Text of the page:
Devon has long been epitomised as the archetypal British holiday destination with the promotion of Torbay as the English Riviera. Postcards of elegant Edwardian hotels, promenades and palm trees swaying under eternal blue skies. To some extent this is Devon, but only a very small part. There are many facets to this beautiful, ecclectic county that make it such a wonderful place to spend any time.
On the one hand there is the rural idyl of south-east Devon and the South Hams with its red soil, rolling hills and picture postcard fishing towns such as Totnes, Salcombe and Dartmouth. A landscape of farms and vallies dotted with quaint olde villages with their traditional pubs and inns.
Then there are the moors - Exmoor and Dartmoor, with their desolate, romantic beauty. Windswept, heather strewn moorland and broken, granite tors which include some of the most remote places in England. The towns and village here such as Lynmouth, Chagford and Ashburton are rich in history and tradition.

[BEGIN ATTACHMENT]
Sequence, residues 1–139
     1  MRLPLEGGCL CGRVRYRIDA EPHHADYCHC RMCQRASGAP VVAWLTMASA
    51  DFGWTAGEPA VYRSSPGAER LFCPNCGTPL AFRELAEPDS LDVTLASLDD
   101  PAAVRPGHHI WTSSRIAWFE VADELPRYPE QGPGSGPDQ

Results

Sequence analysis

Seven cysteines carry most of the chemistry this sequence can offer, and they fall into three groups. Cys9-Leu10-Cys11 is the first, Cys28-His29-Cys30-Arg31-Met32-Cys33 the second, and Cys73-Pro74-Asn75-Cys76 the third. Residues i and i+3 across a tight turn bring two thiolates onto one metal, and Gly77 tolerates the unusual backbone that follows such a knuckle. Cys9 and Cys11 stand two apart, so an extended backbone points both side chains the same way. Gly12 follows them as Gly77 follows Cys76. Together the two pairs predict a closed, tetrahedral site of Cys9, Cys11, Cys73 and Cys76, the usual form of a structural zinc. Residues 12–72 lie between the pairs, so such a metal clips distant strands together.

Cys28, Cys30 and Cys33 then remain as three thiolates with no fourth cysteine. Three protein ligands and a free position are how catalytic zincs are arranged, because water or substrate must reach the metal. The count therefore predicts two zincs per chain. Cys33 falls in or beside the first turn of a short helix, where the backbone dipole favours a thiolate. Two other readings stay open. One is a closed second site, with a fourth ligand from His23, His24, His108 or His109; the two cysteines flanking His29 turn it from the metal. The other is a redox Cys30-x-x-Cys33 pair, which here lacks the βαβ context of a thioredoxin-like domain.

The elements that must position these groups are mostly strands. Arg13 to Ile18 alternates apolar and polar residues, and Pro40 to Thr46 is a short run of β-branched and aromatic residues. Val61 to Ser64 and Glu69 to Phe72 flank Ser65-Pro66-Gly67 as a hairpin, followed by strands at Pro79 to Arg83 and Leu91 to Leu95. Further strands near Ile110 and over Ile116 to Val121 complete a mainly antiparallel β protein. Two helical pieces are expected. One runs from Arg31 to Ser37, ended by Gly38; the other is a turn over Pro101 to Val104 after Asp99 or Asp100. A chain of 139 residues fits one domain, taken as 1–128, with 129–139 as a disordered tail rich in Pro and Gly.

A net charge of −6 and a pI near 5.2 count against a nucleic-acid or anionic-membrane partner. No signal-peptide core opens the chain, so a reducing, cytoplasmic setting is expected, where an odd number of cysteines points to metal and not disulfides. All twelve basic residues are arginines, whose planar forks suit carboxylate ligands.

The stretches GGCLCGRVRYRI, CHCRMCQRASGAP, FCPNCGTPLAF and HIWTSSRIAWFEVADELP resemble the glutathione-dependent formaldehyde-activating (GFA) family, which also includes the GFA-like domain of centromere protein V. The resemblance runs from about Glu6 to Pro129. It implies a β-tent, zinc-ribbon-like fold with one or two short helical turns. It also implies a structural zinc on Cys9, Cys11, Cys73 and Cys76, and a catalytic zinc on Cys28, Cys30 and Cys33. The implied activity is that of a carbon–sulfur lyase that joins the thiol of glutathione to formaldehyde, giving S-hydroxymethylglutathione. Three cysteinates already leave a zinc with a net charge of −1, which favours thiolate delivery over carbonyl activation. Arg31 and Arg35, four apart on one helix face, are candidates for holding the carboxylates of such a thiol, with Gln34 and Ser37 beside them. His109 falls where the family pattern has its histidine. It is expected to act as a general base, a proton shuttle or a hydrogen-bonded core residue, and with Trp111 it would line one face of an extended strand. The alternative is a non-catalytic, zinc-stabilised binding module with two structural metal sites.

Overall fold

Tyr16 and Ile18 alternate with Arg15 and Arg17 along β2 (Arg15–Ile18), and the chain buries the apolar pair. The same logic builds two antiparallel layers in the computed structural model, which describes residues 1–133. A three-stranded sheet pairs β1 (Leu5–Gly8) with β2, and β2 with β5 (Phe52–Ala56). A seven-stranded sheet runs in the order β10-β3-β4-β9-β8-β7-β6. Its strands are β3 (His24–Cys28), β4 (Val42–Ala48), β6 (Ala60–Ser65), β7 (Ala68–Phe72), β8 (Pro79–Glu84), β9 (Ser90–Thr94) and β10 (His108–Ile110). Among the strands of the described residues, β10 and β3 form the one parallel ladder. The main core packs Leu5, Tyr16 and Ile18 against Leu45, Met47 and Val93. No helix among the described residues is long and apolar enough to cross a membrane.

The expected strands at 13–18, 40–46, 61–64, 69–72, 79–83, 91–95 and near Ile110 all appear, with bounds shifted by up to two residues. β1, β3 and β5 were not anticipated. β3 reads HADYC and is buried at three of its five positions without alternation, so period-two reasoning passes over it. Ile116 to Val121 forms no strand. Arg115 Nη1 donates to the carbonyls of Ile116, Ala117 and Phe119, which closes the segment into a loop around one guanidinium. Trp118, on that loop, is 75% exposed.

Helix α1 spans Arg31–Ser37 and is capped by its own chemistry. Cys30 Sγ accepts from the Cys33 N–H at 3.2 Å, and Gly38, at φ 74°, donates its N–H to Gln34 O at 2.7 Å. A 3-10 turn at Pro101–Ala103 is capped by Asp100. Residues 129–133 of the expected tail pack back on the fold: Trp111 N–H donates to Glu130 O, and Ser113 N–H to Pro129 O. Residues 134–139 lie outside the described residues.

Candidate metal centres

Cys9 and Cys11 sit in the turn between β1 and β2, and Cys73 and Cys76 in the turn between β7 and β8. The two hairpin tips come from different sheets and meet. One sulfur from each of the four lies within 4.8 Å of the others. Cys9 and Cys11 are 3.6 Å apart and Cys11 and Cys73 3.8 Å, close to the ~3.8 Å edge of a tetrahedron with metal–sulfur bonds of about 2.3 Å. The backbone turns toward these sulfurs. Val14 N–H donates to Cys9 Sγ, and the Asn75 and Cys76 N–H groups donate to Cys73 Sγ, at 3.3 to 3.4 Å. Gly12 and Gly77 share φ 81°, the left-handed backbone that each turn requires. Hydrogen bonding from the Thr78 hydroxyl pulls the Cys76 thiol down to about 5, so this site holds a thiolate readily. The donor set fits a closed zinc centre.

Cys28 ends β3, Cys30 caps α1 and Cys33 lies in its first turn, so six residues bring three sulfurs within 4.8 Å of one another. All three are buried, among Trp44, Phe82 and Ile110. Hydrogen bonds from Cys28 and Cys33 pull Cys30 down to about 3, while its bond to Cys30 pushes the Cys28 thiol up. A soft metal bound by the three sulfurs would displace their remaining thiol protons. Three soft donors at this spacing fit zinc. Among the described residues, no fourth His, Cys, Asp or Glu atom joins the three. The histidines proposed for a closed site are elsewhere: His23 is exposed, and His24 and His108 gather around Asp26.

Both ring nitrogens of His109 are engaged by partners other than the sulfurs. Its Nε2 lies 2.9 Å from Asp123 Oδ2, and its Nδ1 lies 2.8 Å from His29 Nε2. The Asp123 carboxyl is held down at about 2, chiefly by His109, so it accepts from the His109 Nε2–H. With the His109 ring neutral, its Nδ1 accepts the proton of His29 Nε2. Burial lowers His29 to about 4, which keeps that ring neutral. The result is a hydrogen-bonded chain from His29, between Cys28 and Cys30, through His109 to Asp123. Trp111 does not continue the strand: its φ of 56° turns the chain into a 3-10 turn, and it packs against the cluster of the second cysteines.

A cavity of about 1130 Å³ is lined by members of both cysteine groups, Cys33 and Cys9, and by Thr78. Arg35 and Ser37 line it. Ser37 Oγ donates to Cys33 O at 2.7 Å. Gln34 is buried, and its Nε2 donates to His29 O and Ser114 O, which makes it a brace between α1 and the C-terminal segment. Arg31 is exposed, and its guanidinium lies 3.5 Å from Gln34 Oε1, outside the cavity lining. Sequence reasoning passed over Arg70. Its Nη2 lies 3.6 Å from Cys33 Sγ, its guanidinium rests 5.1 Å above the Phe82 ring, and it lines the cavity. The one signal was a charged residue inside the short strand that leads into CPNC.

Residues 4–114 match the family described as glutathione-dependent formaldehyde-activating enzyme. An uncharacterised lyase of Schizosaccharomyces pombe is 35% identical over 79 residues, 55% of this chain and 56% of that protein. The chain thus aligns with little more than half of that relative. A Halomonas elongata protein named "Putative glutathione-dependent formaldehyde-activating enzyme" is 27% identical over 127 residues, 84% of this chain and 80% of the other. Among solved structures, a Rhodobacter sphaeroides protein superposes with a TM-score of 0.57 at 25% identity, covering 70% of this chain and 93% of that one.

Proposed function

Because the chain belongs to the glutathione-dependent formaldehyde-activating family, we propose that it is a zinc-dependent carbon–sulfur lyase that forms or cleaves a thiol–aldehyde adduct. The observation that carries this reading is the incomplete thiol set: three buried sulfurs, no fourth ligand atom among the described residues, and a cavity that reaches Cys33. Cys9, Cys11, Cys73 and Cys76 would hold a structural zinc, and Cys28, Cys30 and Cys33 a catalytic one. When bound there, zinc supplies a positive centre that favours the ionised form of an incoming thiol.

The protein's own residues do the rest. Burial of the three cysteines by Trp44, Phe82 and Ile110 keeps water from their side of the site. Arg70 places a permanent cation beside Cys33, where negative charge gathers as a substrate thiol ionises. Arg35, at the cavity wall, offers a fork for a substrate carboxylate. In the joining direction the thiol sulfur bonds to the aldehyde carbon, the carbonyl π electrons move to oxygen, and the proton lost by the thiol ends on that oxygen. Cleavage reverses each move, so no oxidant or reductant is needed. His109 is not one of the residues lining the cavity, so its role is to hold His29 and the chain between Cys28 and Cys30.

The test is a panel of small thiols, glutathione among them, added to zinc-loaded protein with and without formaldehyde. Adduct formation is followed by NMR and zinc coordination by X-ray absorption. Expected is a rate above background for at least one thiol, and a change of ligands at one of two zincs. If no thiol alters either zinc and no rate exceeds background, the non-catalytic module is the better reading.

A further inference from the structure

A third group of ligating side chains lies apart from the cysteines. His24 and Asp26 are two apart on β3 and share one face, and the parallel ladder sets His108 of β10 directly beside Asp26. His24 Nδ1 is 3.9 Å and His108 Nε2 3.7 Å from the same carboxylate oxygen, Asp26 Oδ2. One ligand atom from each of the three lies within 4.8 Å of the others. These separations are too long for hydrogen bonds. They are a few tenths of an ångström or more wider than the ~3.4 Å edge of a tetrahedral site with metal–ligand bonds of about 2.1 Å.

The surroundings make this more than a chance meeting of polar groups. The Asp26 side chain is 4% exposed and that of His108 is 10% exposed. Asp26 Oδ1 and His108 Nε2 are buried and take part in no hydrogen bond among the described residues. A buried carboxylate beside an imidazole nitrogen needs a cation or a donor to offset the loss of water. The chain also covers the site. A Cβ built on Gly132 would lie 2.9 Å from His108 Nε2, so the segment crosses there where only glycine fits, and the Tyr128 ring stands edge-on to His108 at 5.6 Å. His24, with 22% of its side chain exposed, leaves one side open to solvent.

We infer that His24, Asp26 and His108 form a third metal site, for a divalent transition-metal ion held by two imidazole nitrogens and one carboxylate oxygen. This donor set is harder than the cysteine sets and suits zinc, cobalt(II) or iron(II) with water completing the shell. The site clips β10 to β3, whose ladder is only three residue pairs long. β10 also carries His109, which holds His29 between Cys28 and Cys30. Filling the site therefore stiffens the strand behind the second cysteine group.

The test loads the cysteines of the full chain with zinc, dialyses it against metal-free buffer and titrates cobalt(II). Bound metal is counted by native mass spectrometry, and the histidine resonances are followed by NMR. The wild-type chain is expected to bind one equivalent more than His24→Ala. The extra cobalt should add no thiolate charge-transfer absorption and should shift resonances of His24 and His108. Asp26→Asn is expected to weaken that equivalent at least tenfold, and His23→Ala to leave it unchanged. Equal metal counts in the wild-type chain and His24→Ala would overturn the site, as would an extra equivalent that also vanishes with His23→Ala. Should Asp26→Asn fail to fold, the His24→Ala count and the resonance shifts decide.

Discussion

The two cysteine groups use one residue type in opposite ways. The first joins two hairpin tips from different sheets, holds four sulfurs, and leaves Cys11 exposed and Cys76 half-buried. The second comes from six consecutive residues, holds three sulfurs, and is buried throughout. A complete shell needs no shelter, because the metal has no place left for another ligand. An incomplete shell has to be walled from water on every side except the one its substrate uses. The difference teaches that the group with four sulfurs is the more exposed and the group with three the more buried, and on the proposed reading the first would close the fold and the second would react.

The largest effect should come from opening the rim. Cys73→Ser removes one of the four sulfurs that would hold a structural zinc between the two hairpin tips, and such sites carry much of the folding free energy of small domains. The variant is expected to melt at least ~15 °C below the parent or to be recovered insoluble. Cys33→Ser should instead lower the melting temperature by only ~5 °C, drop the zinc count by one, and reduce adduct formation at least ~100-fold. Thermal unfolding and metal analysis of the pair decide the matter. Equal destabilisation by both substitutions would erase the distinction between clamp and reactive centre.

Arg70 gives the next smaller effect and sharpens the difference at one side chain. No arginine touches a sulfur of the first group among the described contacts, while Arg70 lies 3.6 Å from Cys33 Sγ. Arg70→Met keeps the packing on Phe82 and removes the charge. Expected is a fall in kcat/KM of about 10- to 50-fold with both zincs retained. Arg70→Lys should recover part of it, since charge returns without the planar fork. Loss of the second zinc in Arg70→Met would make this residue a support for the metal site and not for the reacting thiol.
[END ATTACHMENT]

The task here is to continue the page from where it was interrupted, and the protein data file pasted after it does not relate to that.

Another region worthy of note is North Devon. A popular family holiday location owing largely to it's glorious coastline. A cluster of seaside and beach towns stretching from Clovelly, Croyde and Woolacombe to Ilfracombe and then Lynton provide both great scenery and some of the regions best surfing. There's no shortage of places to stay and a plethora of B&Bs, hotels and Devon cottages to choose from.
But there is more to Devon than the rural Devonshire of holiday brochures. The county's two cities of Plymouth and Exeter are as rich in history as most in England. Both suffered in the Second World War and have had their city centres largely rebuilt in less than attractive 50s styles. However both retain certain treasures such as Exeter's Cathedral and Plymouth's water front.